Ending my second marriage was much more difficult. I loved the “life.” We had a very sweet standard of living: a big house in a great neighborhood, a big circle of friends, dinners in the best Manhattan restaurants, opera, ballet.
I was miserable. A mid-life crisis, I knew. So stuck there at the top of my pole, I went back into therapy.
I bargained with Arthur, a new therapist. I didn’t want another 7-year analysis this time: Brief psychotherapy, let’s get this over in three months. Arthur agreed. But there I was in the fourth month, stuck on my pole.
I complained, “You had agreed to three months. I’m still miserable. Nothing has changed.”
Arthur responded, “I thought you would have left by now.”
Was that too much of a push? Wife number two packed up and moved out that evening. I was surprised the next morning to notice how much better it felt to sleep alone. But still I worried. By then, I knew about the pole. I had begun to sit regularly. I had done my first sesshin with Kyudo Roshi. Had it been too much of a push?
After twenty years with the New York State Office of Mental Health, I flew out to La Honda where Bernie was living in the midst of the redwoods. Should I take the early retirement, step from the top of the hundred foot pole, find out where this peacemaker path might take me? I went out hoping for an answer from Bernie. I don’t remember anything about the visit except the feeling that I could never live in such a place where the sun never shined, always in the shadows of great trees. I didn’t get any advice from Bernie but I knew on the plane ride home that I was going to step from another pole, after twenty years.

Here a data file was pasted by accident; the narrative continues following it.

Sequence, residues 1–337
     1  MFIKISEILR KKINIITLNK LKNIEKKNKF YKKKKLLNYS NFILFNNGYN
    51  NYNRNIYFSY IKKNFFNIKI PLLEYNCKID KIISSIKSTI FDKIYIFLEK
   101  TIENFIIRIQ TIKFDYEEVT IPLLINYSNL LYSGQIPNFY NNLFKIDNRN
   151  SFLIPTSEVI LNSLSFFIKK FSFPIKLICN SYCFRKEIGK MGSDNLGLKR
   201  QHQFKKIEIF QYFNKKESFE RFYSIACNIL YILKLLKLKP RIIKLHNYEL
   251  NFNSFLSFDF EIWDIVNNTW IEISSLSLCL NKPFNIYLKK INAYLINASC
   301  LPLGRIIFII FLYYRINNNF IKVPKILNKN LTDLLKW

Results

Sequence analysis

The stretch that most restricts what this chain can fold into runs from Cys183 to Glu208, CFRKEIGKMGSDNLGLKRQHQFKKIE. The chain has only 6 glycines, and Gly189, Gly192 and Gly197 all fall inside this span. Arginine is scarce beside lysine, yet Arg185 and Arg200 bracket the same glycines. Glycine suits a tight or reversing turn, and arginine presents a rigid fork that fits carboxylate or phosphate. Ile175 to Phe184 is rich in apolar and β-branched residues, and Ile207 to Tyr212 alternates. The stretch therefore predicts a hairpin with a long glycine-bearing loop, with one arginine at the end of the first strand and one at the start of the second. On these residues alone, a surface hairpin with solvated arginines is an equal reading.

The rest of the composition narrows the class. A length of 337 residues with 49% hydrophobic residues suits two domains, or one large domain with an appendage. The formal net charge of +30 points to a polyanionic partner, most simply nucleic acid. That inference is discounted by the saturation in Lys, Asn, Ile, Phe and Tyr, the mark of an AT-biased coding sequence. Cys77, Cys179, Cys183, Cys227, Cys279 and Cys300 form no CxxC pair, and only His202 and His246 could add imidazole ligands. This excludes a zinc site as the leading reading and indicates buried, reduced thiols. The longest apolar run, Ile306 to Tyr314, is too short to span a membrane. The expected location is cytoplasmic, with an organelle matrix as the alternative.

And now I have retired again. I had thought for years that I had been maturely planning for retirement, working on a succession plan with my team — but retirement was always five to ten years away and then five years away but always five years away. Suddenly it was seven months away. I was done. Dee and I made the decision at her birthday dinner in November on the deck of the Madison Beach Hotel overlooking Long Island Sound. We wouldn’t tell anyone but Morri for a month. We would let it percolate until my birthday. We would celebrate my birthday and our anniversary in Cape May where we had gone on our mini-honeymoon, a trip planned for our 25th anniversary but postponed a year because of COVID.
We ended up finalizing the decision a week earlier. I had a monthly lunch scheduled with our board chair. I didn’t want to sit on the top of that pole another month. I told her. I told my key people. We told others.
It has been a wonderful feeling, stepping from this pole — sometimes stressful — of stepping away again, of stepping into the Bardo, not knowing what is coming next.
How do you step from a 100-foot pole?
For years, my answer has been, “Again and again.” This Zen practice of ours is an unending practice. That is its wonder, its beauty.
Here I am again in the Bardo.
This time, recently home from our first real vacation since before the pandemic, in Portland, Maine, on the way back from Quebec, there is a new clarity.
There is no pole.
There never was a pole.
There was never anything to cling to.